Q234 Chair: No. Are you basically saying, in agreement with Mr Colquhoun, that the right for site owners to give approval to someone new moving on to the site ought to be removed? That is something that in the end can be used in the way that has been described. Would you be content for that to happen?
Lyn Collins: Yes.
Q235 Bill Esterson: We have had evidence of a lack of action when it comes to harassment from both local authorities and the police. Would you say that the law, when it comes to harassment, is fully understood by both local authorities and police, or would you say that there is a reluctance to take action in some cases?
Lyn Collins: I think that we need to understand the context in which caravan site licensing is carried out by local authorities. It is certainly an area that is massively under-resourced. The local authority does not receive any revenue. It has a whole series of statutory inspection responsibilities that it needs to carry out, and it will prioritise those statutory responsibilities in preference to those non-required inspection obligations. I think that if the Committee can take something away today, the challenge is how this regime is properly resourced for local authorities. In terms of knowledge on harassment, I think there are pockets of good knowledge on the provisions that exist. However, to properly investigate is a lengthy process, and one where, from a personal perspective, again, you are receiving very low-level information about two sides of an equation, and it is very hard to get underneath whether the harassment is real or simply poor management.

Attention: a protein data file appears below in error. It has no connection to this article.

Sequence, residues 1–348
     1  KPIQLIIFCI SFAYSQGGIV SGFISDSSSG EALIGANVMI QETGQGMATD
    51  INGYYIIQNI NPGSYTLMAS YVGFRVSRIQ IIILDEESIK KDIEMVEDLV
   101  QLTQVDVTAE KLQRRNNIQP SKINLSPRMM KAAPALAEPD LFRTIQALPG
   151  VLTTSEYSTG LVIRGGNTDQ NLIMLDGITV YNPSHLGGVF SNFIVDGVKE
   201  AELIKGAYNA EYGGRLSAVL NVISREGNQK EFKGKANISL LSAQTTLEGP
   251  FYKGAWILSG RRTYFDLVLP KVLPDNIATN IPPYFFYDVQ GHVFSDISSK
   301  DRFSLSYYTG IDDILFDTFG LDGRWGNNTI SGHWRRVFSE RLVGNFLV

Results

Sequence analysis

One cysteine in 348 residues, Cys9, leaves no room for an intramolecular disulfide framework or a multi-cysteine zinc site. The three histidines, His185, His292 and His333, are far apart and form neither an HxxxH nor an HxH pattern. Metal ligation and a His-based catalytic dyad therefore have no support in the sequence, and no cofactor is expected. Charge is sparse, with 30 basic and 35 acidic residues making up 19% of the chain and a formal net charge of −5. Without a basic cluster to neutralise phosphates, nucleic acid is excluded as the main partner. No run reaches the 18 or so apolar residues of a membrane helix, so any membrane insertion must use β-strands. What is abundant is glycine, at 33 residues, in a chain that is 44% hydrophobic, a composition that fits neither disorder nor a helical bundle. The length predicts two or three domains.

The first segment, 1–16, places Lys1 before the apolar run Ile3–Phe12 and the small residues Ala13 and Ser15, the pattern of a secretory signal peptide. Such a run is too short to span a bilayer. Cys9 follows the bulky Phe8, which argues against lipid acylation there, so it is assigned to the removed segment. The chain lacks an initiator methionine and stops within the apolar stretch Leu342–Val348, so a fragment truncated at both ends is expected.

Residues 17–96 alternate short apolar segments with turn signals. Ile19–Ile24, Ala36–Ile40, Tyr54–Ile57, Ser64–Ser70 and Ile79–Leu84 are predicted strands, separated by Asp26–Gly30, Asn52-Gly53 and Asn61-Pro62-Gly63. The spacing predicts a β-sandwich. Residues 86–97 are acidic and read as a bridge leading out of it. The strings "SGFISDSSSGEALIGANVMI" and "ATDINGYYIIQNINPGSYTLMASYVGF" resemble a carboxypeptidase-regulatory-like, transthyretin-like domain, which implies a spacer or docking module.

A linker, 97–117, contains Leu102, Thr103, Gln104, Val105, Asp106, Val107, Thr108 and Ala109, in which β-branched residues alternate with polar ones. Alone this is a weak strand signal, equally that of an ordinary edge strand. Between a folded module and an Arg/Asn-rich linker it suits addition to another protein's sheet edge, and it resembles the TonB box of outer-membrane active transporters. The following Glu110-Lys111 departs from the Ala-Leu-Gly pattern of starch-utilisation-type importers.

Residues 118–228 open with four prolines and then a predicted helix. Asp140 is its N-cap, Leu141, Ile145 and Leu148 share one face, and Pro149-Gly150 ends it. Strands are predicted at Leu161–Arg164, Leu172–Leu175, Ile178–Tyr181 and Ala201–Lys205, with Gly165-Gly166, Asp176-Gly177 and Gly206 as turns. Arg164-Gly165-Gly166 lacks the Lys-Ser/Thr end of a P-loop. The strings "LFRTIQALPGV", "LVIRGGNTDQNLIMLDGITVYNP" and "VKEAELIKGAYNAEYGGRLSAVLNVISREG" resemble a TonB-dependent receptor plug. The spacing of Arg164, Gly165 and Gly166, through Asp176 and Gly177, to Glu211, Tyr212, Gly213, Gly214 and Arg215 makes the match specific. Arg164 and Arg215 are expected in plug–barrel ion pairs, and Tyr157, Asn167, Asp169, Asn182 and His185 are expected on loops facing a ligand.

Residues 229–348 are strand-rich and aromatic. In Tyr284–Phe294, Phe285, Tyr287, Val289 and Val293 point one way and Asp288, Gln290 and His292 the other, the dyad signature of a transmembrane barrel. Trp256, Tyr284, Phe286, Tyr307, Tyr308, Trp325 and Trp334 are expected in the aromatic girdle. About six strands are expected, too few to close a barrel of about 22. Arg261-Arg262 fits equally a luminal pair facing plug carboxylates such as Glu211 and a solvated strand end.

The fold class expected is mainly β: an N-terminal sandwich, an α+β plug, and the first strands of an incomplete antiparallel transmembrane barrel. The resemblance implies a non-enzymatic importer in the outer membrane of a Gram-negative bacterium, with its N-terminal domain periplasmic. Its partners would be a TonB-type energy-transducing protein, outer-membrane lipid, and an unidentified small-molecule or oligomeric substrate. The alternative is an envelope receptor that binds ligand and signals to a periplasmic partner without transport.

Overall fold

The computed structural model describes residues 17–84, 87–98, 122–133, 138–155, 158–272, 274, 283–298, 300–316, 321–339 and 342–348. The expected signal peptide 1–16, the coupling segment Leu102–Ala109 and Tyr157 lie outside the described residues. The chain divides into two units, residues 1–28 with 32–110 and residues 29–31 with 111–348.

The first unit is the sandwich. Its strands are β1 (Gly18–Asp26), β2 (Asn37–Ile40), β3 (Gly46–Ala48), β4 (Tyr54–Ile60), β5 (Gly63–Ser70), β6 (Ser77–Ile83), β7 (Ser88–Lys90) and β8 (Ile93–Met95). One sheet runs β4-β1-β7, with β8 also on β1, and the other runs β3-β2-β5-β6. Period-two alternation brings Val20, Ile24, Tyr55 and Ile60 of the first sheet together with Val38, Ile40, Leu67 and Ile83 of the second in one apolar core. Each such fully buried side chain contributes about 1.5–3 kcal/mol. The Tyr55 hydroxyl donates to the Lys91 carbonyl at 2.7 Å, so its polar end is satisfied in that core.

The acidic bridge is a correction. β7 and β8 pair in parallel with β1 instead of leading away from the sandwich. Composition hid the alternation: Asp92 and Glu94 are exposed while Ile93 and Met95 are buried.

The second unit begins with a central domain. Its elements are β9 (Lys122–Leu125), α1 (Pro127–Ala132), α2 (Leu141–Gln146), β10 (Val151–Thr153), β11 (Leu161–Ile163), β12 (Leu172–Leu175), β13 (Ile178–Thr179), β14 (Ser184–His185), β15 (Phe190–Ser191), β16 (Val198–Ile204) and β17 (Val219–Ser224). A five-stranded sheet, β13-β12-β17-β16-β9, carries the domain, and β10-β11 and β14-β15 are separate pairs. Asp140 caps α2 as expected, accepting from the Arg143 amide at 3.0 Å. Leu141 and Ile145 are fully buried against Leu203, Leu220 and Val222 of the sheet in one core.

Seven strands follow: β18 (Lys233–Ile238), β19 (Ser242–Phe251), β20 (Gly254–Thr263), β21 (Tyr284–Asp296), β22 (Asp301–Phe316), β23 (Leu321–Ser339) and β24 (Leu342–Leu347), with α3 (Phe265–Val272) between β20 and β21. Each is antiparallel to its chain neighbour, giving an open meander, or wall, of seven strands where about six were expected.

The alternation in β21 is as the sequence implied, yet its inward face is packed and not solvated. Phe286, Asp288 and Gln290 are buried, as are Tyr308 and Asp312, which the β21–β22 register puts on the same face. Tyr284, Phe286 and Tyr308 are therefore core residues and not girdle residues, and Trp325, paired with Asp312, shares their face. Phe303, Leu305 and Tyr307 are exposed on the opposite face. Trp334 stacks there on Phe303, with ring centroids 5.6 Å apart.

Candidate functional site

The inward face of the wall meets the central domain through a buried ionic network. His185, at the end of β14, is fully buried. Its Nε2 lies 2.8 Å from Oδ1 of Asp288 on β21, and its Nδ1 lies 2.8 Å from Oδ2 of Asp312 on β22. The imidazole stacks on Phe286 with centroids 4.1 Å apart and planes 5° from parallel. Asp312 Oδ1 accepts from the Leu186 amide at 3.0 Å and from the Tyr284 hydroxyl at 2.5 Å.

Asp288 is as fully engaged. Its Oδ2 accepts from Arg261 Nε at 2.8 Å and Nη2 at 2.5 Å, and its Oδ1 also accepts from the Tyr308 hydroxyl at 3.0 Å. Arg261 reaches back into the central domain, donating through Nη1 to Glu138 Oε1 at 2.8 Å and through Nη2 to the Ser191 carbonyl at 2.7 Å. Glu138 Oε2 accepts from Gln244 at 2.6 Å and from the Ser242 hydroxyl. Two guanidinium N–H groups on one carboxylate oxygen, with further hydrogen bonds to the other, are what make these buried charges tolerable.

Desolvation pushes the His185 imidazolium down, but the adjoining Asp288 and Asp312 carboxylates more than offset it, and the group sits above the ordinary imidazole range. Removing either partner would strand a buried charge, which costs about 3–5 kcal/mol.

Katie Hooper: From a local authority’s point of view, it is a power rather than a duty to investigate or report harassment and illegal eviction. As Lyn was saying, with the lack of resources, it is a percentage of an officer’s yearly workload to inspect and maintain the standards on these sites. A lot of the complaints that you may have may be, as you say, just poor management, and it is not until you delve deeper that you realise that the way that unscrupulous site owners will harass their residents is by minor offences, involving minor niggles and talking to the residents in a difficult way. As an officer, when you are taking those complaints, they are not the big acts such as physical abuse. They are very minor abuses or levels of harassment.
Q236 David Heyes: How about the police?